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Option 2: Speaker Selector

This option is kind of an extension of the first option. The key is that you run the main or secondary speaker output from your receiver to a switching device called a speaker selector. The speaker selector splits the input signal into multiple outputs; each output runs to a set of speakers installed in a separate room. Depending on the model of speaker selector you choose, you can send a single speaker signal to up to six different rooms.

Most speaker selectors simply split the primary power between the selected speakers, thus reducing your overall system power. However, some higher-end speaker selectors include small booster amplifiers that provide individual power to each set of speakers.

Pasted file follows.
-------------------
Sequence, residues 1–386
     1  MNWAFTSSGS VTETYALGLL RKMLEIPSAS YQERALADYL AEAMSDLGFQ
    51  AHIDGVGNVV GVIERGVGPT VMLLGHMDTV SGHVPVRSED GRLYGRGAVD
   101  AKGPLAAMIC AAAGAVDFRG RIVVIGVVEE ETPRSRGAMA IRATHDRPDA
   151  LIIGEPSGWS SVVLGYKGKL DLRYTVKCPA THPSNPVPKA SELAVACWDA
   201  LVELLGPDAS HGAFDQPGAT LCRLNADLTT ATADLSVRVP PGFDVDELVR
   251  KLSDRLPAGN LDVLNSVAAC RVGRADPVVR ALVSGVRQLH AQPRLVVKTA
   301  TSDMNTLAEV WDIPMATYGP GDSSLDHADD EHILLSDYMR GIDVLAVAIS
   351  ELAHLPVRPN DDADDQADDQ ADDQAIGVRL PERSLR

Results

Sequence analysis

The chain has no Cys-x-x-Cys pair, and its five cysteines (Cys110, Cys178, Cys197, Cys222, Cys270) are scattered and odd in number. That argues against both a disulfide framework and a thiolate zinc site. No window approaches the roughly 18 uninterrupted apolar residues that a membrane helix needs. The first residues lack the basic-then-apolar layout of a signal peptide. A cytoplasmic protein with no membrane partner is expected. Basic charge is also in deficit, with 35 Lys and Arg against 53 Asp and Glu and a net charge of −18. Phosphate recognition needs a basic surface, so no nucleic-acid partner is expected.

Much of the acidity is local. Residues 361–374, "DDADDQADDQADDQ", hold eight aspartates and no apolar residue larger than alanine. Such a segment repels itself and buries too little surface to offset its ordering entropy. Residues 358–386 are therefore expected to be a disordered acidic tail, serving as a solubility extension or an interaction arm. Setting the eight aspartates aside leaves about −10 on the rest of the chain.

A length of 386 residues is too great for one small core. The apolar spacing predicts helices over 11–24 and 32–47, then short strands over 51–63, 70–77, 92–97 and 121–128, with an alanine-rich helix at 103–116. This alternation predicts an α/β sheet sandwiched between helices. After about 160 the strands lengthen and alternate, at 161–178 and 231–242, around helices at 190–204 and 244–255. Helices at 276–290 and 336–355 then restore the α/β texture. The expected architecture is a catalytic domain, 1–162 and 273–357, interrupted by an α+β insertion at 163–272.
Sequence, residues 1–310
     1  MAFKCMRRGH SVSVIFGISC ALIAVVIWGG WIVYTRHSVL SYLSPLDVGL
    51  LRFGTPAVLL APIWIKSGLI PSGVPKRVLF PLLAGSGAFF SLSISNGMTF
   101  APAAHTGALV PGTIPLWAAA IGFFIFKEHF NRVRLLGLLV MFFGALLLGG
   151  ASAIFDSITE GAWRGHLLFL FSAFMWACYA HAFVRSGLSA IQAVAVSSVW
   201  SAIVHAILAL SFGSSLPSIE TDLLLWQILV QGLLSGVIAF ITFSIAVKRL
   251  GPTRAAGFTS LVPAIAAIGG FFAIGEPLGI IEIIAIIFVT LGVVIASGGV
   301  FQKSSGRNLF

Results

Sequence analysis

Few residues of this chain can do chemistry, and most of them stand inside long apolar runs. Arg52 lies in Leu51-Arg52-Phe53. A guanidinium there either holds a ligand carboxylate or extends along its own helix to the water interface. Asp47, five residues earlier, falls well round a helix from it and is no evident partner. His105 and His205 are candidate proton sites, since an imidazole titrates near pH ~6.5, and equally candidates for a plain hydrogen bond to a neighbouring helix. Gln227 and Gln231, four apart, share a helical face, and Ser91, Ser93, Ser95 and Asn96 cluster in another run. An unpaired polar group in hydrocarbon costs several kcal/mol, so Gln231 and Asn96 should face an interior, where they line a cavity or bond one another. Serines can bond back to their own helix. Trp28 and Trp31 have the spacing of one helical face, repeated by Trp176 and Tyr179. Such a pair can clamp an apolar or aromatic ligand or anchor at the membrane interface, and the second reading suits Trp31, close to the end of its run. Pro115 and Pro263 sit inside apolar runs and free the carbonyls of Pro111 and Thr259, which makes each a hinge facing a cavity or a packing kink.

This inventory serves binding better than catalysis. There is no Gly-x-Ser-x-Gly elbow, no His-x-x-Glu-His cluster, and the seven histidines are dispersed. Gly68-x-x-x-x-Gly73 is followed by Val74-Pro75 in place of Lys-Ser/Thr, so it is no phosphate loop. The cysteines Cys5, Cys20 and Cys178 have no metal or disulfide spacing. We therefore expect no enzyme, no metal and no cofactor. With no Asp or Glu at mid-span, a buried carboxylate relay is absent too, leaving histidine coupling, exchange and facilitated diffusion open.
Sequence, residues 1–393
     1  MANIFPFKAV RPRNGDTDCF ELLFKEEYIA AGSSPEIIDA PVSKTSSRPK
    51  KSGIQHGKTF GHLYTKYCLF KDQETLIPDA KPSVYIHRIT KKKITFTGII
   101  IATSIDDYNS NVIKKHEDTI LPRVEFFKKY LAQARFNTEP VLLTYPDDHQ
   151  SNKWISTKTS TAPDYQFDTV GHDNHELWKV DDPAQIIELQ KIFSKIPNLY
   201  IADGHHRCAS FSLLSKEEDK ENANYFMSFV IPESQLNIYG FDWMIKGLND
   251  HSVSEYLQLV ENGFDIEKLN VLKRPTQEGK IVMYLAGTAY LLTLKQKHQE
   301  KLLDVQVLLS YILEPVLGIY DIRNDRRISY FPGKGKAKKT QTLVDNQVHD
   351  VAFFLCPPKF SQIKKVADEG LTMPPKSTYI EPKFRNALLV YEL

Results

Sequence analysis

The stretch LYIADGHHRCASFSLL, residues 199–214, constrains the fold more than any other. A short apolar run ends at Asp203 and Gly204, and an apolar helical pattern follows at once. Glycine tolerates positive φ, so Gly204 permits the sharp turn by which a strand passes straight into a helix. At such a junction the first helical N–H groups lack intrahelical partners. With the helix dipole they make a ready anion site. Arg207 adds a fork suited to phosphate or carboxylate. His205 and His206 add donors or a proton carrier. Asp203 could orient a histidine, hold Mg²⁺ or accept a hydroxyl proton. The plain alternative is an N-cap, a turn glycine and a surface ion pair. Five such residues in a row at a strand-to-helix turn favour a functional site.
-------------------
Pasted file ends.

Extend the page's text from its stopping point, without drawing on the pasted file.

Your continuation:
The speaker selector system offers some advantages:

  • Inexpensive. This system doesn't require any additional amplifier equipment.

  • More variety. You can send music to up to a half-dozen different rooms.

Of course, there are some disadvantages to this type of system:

  • One source only. Whatever you're listening to in the main room is piped to all the other rooms.

  • Not a lot of power. Unless you use some sort of booster amplifier, the more you split the original signal, the less power you send to each room.

  • More complex installation. You probably want to install individual volume controls in each room you connect.

As with the first option, using a speaker selector is a good choice only if you're interested in background music.

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